John Adams is a sprawling HBO miniseries event that depicts the extraordinary life and times of one of Americas least understood, and most underestimated, founding fathers: the second President of the United States, John A... more »dams. Starring Paul Giamatti (Sideways, Cinderella Man, HBOs American Spendor) in the title role and Laura Linney (You Can Count on Me, Kinsey) as Adams devoted wife Abigail, John Adams chronicles the extraordinary life journey of one of the primary shapers of our independence and government, whose legacy has often been eclipsed by more flamboyant contemporaries like George Washington, Thomas Jefferson, Alexander Hamilton and Benjamin Franklin. Set against the backdrop of a nations stormy birth, this sweeping miniseries is a moving love story, a gripping narrative, and a fascinating study of human nature. Above all, at a time when the nation is increasingly polarized politically, this story celebrates the shared values of liberty and freedom upon which this country was built.« less
"I read David McCullough's GREAT book in anticipation of this miniseries. McCullough painted a picture of a man and a time that I found fascinating; a picture of a hardworking, sensitive (maybe mildly obsessive-compulsive in terms of his emotional high and lows) genius. I found the first few episodes excellent, albeit different from the book. It is the last few episodes that have really affected my view on this series.
The series insists on focusing on Adams' lows. It seems the writers took all the depressing elements of McCullough's book, which were few, and magnified those to center stage. For instance, John Adams' alcoholic son Charles has a major part in the series, but played a relatively minor role in the book. The mudslinging between Jefferson and Adams in Adams' second election for president was jettisoned for the Charles Adams storyline. Also, Adams, presented by McCullough, was a good natured man with a self-deprecating sense of humor. In the series he seems to live in misery.
They also took scenes that were generally upbeat and made them darker. When Adams meets King George III (in my opinion the climax of the story - or at least the first half of the story) in the book, the King is very polite and friendly (much like his portrayal in The Madness of King George III). He smiled a lot and made Adams more comfortable, if not less in awe. In the series the King is just plain weird. I can only guess the filmmakers were hinting at King George's future illness/madness. It's almost as if this series is based on another book about John Adams - a darker book. This series really missed the tone of McCullough's great book.
Still -- divorcing myself from the book -- I find this series is well-made and held my attention. Paul Giamatti and Laura Linney are very good. My advice would be to watch the series first, then read the book for a much more uplifting story."
An Exciting Story
!Edwin C. Pauzer | New York City | 07/30/2008
(5 out of 5 stars)
"Each night I turned on the HBO feature anxious to see a good dramatic series, and learn about my country's struggle for life through one its most underrated founding fathers, John Adams.
Paul Giamatti's performance in the title role is much in dispute as he, like many other actors, seems to play himself as much as his character. He turns from a loving father to the lawyer and representative who sometimes looks apoplectic rather than just an angry or fiery patriot. Much to his credit, I felt the John Adams of later years on subsequent episodes was extremely well-acted.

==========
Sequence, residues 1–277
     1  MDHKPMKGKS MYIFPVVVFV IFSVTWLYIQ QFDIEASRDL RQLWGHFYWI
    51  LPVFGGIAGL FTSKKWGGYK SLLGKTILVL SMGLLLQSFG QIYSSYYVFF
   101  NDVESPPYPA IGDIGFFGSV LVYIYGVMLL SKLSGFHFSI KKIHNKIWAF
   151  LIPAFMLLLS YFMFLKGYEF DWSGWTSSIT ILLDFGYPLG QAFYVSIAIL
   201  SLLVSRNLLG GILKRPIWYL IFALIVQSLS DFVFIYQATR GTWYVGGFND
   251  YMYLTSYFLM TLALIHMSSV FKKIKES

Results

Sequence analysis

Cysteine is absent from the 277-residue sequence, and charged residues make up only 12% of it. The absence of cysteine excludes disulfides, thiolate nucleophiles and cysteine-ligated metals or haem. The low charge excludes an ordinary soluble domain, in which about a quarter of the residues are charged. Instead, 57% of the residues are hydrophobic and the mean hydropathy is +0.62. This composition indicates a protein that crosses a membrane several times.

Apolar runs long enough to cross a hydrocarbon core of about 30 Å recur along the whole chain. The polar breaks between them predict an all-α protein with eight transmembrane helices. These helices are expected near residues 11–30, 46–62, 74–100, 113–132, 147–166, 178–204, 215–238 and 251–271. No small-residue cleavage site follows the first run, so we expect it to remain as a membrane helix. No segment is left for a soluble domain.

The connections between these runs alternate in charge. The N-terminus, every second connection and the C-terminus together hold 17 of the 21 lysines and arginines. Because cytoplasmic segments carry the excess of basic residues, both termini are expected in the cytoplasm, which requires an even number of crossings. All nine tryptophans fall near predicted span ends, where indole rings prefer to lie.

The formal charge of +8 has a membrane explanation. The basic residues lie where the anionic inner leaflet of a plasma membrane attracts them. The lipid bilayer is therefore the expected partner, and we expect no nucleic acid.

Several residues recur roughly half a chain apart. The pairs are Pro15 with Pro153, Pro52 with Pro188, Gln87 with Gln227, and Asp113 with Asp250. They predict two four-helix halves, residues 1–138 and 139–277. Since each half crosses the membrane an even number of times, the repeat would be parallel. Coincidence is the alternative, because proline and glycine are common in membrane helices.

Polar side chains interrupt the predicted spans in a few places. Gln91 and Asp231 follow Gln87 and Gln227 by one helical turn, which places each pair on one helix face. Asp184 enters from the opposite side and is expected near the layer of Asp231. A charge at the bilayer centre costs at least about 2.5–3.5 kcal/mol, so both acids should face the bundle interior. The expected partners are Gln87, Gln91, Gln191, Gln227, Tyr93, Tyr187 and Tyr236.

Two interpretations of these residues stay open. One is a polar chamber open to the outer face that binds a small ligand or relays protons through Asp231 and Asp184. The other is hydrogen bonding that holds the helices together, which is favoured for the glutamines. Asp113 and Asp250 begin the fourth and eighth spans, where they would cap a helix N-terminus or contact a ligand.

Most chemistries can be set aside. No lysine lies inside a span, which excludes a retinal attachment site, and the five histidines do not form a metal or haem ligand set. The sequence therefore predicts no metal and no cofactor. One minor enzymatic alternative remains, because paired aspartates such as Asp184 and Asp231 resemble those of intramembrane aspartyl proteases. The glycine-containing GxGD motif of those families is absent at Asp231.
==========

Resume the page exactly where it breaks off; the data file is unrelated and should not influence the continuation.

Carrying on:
Abigail Adams is played by Laura Linney, and her performance is superb and not the least in dispute. From the first moment, she is thoroughly credible as the vivacious lover, friend, confidante, advisor, and wife of John Adams. Her acting here should garner her an Emmy. The actors protraying Benjamin Franklin and Thomas Jefferson turned in stellar performances.
Many complain that this did not follow the book of the same title, and was not true to history exactly. To the first query the answer is what does? To the second, it is a well-written and well-acted drama that deserves our attention.
The series begins with the Boston Massacre and John Adams representing the British soldiers. With his successful defense, he is noticed by the Crown, as well as the colonials who are striving for independence. Both want his services. Adams chooses independence over the king and we see him as representative, foreign minister, beggar and borrower, ambassador, vice president, and president. His one anchor through these assignments and occupations in the struggle of a new nation is his love and respect for his wife, Abigail whom he always refers to as "my friend." The letters between the two is one constant that sustains their love through loneliness of separation, as Mr. Adams is more often away than home.
Particularly touching is the drab existence they share in an uncompleted White House, the grief John Adams suffers from the loss of his Abigail, his renewed friendship with Thomas Jefferson, and his dying belief that his friend survives him, even though Jefferson died three hours earlier. In one of the ironies of our history, both men died exactly fifty years to the day, after July 4, 1776.
This story ends with both Abigail and John Adams quoting letters of their love for each other and a young nation, as they ascend a hill together and look out over their country. They hope that they will be able to see future generations of Americans, from heaven, and wonder if they will deserve the sacrifice and freedom they have given them.
So do I."
Takes you to that heady time
Suyong Min | Falls Church, VA USA | 03/31/2008
(5 out of 5 stars)